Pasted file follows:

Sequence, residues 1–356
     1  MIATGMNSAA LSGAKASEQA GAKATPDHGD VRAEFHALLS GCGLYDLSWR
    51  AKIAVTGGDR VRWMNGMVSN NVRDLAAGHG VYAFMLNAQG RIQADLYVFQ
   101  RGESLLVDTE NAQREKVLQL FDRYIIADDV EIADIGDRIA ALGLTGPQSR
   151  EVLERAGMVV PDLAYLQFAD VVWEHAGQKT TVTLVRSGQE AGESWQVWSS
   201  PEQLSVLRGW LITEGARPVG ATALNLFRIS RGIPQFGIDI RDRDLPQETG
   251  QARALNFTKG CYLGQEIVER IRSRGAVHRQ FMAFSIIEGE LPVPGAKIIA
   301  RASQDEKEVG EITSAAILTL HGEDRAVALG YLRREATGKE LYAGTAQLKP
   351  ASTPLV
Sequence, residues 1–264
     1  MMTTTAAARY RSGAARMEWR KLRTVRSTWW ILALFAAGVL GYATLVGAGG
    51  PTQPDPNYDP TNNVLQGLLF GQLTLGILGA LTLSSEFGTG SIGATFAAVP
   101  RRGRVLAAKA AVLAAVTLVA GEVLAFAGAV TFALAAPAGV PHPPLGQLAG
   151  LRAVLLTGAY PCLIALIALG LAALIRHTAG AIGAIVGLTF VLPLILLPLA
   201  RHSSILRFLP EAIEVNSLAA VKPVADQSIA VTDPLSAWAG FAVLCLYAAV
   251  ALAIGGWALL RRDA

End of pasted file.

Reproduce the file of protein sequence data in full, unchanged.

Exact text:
Sequence, residues 1–356
     1  MIATGMNSAA LSGAKASEQA GAKATPDHGD VRAEFHALLS GCGLYDLSWR
    51  AKIAVTGGDR VRWMNGMVSN NVRDLAAGHG VYAFMLNAQG RIQADLYVFQ
   101  RGESLLVDTE NAQREKVLQL FDRYIIADDV EIADIGDRIA ALGLTGPQSR
   151  EVLERAGMVV PDLAYLQFAD VVWEHAGQKT TVTLVRSGQE AGESWQVWSS
   201  PEQLSVLRGW LITEGARPVG ATALNLFRIS RGIPQFGIDI RDRDLPQETG
   251  QARALNFTKG CYLGQEIVER IRSRGAVHRQ FMAFSIIEGE LPVPGAKIIA
   301  RASQDEKEVG EITSAAILTL HGEDRAVALG YLRREATGKE LYAGTAQLKP
   351  ASTPLV
Sequence, residues 1–264
     1  MMTTTAAARY RSGAARMEWR KLRTVRSTWW ILALFAAGVL GYATLVGAGG
    51  PTQPDPNYDP TNNVLQGLLF GQLTLGILGA LTLSSEFGTG SIGATFAAVP
   101  RRGRVLAAKA AVLAAVTLVA GEVLAFAGAV TFALAAPAGV PHPPLGQLAG
   151  LRAVLLTGAY PCLIALIALG LAALIRHTAG AIGAIVGLTF VLPLILLPLA
   201  RHSSILRFLP EAIEVNSLAA VKPVADQSIA VTDPLSAWAG FAVLCLYAAV
   251  ALAIGGWALL RRDA